NEW FIGURES DON'T LIE: THE POOR FARED BETTER WHEN CONSERVATIVES WERE IN CHARGE
February 15, 2006
A study by the Center on Budget and Policy Priorities and the Economic Policy Institute concludes that Arizona now has the fourth-largest gap between the average income of the poorest 20 percent of its population and its richest 20 percent.
A closer examination of the report, however, reveals something very interesting. This disproportionate income disparity is nearly all a legacy of the 1980s. During the supposed dark ages of the 1990s, things actually improved for the poor in Arizona and there was not a statistically significant increase in the state's income disparity, says Robert Robb of the Arizona Republic.
- During the 1980s, the real income of Arizona's poorest fifth actually declined. That is, income growth didn't keep pace with inflation. Nationally, the poorest fifth saw a slight increase in their real income of about 2 percent.
- In the 1990s, however, the real income of Arizona's poorest fifth increased by nearly 17 percent, above the national average of about 16 percent.
- Moreover, far from ranking at the top in the growth in income inequality, in the 1990s the income gap in Arizona actually grew more slowly than the national average.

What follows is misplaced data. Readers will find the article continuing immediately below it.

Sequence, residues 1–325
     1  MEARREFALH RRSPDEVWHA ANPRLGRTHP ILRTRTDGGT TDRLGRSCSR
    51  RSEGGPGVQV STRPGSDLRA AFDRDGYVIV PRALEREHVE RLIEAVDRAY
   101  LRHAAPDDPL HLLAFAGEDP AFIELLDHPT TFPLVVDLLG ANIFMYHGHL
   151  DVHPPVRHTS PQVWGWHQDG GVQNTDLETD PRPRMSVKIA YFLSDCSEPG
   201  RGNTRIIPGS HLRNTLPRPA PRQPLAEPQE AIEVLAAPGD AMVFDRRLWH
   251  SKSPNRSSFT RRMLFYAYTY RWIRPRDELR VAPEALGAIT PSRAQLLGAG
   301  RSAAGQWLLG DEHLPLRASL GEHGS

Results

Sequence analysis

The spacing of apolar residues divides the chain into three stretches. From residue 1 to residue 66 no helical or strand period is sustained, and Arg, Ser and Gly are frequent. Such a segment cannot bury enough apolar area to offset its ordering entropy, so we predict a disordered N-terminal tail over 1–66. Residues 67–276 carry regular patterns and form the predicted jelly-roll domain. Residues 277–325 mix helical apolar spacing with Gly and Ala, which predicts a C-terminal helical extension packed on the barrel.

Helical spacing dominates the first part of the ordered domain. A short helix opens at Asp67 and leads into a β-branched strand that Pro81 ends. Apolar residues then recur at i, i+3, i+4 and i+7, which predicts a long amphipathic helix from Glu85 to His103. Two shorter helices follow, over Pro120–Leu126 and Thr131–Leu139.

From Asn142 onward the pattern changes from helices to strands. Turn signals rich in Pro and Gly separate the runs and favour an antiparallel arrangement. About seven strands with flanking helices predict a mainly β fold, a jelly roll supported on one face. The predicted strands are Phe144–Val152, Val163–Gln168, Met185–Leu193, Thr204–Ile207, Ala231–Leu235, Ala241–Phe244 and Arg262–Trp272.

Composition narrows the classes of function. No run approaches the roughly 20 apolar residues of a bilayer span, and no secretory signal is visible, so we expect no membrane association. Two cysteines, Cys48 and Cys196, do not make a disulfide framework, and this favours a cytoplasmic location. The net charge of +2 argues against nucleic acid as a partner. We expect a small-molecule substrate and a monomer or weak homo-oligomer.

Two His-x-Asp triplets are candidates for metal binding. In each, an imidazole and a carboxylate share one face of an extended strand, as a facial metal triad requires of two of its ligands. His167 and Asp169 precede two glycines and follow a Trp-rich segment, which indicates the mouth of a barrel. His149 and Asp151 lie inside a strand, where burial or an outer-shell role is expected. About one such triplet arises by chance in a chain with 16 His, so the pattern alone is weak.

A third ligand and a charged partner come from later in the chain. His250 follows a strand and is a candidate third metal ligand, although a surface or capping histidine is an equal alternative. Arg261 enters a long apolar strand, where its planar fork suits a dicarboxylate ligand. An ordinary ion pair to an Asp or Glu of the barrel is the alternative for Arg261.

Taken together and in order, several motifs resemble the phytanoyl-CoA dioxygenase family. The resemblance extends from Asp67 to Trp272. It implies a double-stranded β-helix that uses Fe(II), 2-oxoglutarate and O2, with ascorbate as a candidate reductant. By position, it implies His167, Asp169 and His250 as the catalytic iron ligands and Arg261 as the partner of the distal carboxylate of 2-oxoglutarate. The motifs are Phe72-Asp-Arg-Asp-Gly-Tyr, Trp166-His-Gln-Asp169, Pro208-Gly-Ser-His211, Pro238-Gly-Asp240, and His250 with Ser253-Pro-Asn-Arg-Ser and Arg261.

This study didn't touch on it, but in Arizona the demographics of the poor are an important consideration. The bottom fifth this study examines in Arizona, for example, is undoubtedly substantially immigrant and substantially illegal.
The Pew Hispanic Center estimates that illegal immigrants constitute nearly a tenth of Arizona's population. A study by the Center for Immigration Studies a few years ago found that more than 40 percent of Arizona families living in poverty are immigrant-led. A study by the Thunderbird School estimated that 12 percent of Arizona's workforce was illegal.
Source: Robert Robb, "New figures don't lie; The poor fared better when conservatives were in charge," Arizona Republic, February 12, 2006; Jared Bernstein, Elizabeth McNichol and Karen Lyons, "A State-by-State Analysis of Income Trends," Center on Budget and Policy Priorities/Economic Policy Institute, January 2006.
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